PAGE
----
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American Psycho Paperback – March 6, 1991
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From Library Journal
- Nora Rawlinson, "Library Journal"
Copyright 1991 Reed Business Information, Inc.
“A masterful satire and a ferocious, hilarious, ambitious, inspiring piece of writing, which has large elements of Jane Austen at her vitriolic best. An important book.” —Katherine Dunn
“A great novel. What Emerson said about genius, that it’s the return of one’s rejected thoughts with an alienated majesty, holds true for American Psycho…. There is a fever to the life of this book that is, in my reading, unknown in American literature.” —Michael Tolkin
“The first novel to come along in years that takes on deep and Dostoyevskian themes…. [Ellis] is showing older authors where the hands come to on the clock.” —Norman Mailer, Vanity Fair
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Top Customer Reviews
Ellis's protagonist in "American Psycho" is one Patrick Bateman. Patrick is at the pinnacle of power: he is young, buff, tan, and filthy rich. He works, when he feels like it, at a powerhouse Wall Street firm. Most of his days are filled with parties, dating, dining out, renting videotapes, and buying the best of everything. Why not? Patrick can afford to do whatever he wants in an America that not only approves of his behavior, but ardently wants to emulate it as well. There is one slight quirk in Bateman's well coiffed persona, one small, minutely unpleasant ritual he feels he must engage in from time to time: Patrick likes to rape, torture, and murder people. His usual victims are prostitutes and homeless people, although he isn't above killing an occasional cop or child. That Patrick is, inside, a raving lunatic of epic proportions doesn't matter as long as he can maintain surface appearances. This he manages to do by keeping up on all the latest fads, doling out fashion tips to those less fortunate, and hanging out with the guys and gals on a regular basis.Read more ›
I want to point out something that I don't think many people have said -- that what is so menacing and intriguing about Patrick Bateman is that he is so seductive. Yes, of course, we are repelled by Bateman's vacuity (his love of Huey Lewis and Whitney Houston, his inability to have a meaningful relationship or even a decent conversation), but we are also SEDUCED by Bateman's enviable control over the little details of his life -- he keeps in perfect physical shape, he has encyclopedic knowledge of food, he's tremendously informed and assured about the proper attire for any occasion. I'd even venture to say that we envy, in subconscious way, how he is a paragon of grooming and restraint while at the same time giving vent to unspeakable urges. We admire the outrageously poised way in which he goes about satisfying his needs -- whether he's selecting just the right porno movie, a two-thousand-dollar suit, or his next victim. There's something strangely enchanting about his smug self-assurance, even when it's employed in such violent ways. We find ourselves entranced by this perfect, reflective surface of Bateman's life -- just as Bateman is entranced with himself, staring into the perfect surface of his life like Narcissus gazing into his own reflection in a stream. We long to have that kind of confidence and control ourselves.Read more ›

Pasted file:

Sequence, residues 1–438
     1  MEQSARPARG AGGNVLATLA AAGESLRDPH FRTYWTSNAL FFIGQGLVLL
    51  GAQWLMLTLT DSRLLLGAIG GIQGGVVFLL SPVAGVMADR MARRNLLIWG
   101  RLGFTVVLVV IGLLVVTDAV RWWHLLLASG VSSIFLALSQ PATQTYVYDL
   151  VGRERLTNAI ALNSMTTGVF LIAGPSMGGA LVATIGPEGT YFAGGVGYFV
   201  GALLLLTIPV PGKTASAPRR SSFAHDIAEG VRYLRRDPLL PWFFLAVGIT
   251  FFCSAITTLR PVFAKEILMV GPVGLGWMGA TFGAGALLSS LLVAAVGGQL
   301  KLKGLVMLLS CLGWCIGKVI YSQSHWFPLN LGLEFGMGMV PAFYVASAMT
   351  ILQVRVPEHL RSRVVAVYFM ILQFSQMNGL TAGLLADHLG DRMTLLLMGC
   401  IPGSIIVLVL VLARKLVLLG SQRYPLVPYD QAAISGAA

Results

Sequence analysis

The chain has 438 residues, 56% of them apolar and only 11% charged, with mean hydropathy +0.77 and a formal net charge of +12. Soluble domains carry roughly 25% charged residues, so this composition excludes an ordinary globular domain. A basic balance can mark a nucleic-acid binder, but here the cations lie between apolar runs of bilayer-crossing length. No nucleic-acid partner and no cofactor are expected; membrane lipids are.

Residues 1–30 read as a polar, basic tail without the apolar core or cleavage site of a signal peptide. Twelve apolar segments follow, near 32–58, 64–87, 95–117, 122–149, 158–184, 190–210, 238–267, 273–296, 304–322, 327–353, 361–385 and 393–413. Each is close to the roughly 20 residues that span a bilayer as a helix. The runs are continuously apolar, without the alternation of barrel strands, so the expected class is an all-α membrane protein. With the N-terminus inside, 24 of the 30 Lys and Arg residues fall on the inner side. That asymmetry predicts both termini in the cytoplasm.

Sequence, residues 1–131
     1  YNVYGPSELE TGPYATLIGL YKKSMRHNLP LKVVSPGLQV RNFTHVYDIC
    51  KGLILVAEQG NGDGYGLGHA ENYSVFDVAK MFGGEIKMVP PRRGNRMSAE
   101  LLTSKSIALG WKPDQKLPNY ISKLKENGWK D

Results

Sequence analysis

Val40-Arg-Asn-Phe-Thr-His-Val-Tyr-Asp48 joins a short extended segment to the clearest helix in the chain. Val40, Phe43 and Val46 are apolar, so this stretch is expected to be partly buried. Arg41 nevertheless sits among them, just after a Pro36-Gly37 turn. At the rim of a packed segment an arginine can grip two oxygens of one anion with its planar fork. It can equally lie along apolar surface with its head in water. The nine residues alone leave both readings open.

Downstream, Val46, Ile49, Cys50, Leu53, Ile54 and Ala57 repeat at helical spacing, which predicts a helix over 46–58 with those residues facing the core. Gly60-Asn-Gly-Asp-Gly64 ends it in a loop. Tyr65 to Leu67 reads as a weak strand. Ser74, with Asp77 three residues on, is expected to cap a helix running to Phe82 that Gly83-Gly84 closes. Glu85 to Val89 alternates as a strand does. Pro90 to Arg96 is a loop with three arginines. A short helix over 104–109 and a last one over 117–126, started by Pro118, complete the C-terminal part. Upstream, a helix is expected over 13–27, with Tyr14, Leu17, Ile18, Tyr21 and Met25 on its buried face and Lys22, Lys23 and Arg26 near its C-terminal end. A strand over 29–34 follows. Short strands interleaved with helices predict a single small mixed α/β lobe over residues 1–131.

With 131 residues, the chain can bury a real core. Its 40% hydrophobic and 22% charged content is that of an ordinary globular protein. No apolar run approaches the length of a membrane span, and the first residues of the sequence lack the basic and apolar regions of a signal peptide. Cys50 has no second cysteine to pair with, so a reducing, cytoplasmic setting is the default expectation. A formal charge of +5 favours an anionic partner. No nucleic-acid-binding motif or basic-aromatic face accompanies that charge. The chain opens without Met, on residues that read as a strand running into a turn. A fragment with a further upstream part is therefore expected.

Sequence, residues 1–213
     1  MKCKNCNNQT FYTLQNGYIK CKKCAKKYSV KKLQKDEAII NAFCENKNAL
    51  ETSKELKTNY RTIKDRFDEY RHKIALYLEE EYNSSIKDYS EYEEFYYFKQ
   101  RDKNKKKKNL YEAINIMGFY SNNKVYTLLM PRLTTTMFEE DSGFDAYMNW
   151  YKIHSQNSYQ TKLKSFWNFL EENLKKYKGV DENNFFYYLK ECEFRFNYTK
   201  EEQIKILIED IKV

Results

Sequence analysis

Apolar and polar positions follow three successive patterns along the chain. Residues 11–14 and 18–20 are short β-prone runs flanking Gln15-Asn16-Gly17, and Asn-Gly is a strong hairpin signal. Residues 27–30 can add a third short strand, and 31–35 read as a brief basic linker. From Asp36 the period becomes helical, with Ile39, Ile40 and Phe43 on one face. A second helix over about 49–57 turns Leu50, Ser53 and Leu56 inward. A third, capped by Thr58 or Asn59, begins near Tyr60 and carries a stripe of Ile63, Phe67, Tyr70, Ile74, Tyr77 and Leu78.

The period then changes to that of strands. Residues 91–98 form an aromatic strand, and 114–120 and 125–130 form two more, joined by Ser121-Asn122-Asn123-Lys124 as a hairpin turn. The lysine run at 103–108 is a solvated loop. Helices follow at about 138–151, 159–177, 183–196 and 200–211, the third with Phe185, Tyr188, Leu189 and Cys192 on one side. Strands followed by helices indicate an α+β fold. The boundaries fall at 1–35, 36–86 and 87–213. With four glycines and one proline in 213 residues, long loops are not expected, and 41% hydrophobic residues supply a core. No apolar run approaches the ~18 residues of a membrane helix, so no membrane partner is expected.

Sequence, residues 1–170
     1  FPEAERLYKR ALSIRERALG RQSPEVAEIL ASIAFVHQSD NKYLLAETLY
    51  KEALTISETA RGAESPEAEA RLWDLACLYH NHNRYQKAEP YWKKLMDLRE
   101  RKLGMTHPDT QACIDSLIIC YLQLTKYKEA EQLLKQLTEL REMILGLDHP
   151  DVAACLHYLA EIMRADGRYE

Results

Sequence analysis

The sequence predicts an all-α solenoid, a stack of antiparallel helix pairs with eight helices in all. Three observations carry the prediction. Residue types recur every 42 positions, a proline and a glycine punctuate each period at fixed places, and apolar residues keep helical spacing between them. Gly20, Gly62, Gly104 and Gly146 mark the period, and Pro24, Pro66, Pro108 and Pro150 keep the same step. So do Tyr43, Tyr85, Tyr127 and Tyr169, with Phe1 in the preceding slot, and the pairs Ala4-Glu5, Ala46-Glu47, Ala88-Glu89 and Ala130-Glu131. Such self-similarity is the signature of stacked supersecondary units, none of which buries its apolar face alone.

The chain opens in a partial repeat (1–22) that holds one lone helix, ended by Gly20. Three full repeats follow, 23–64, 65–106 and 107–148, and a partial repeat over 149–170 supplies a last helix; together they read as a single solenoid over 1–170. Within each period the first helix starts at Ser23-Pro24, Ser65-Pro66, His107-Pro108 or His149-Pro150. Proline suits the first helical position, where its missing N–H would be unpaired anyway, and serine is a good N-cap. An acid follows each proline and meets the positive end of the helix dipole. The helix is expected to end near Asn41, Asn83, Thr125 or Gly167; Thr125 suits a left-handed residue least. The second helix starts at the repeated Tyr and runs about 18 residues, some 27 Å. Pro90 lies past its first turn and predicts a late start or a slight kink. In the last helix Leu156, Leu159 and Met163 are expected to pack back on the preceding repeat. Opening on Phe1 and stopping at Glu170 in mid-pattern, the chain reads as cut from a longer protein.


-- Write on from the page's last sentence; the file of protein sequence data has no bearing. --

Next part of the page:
Ellis gives us Yuppie Manhattan in full effect, where the only things that count are money and designer labels; real people are faceless nonentities with interchangeable names, everyone seems to have a Peter Pan complex, dreading the inexorable approach of the big 3-0, and the defining characteristic of the time is its all-encompassing materialism. The anti-hero of "American Psycho", Patrick Bateman, is a serial killer with a penchant for torturing and murdering young women in a quest to give his empty existence some meaning. Bateman is perfect on the surface; he's young (26), handsome, expensively dressed, lives in a trendy condo on the trendy Upper West Side, makes six figures on Wall Street, and can reel off designer names at the drop of a hat. He can glance at anyone for a split second and tell who designed each item of his or her visible apparel. Bateman's life is so devoid of meaning that he thinks all this superficial knowledge actually matters. He can't love anyone, including himself; he treats friends, lovers and acquaintances with equal contempt; and he is totally devoid of compassion, tenderness, remorse, warmth, or anything remotely resembling a conscience.Read more ›
Most Recent Customer Reviews
I decided to purchase American Psycho because I'm a huge fan of the film. I have just finished the book, and am proud to say I was not disappointed. Read morePublished 2 days ago by Amazon Customer
For everyone that gave this pitiful excuse for a book five stars please go seek help. I actually feel like less of a person for reading this.Published 11 days ago by King J-Bird
I liked this better than the movie. The book is usually better than the movie. The style of writing is very different than what I'm accustomed to. Read morePublished 15 days ago by jeff mejia
Amazing read got so caught up in Patrick's world it's scary
The cutaways were sometimes confusing as well as the clothing descriptions
This book is a masterpiece of human affection. Makes the reader complicit of perhaps the most degraded and disgusting character ever created. Read morePublished 27 days ago by Juan S. Cortes Bello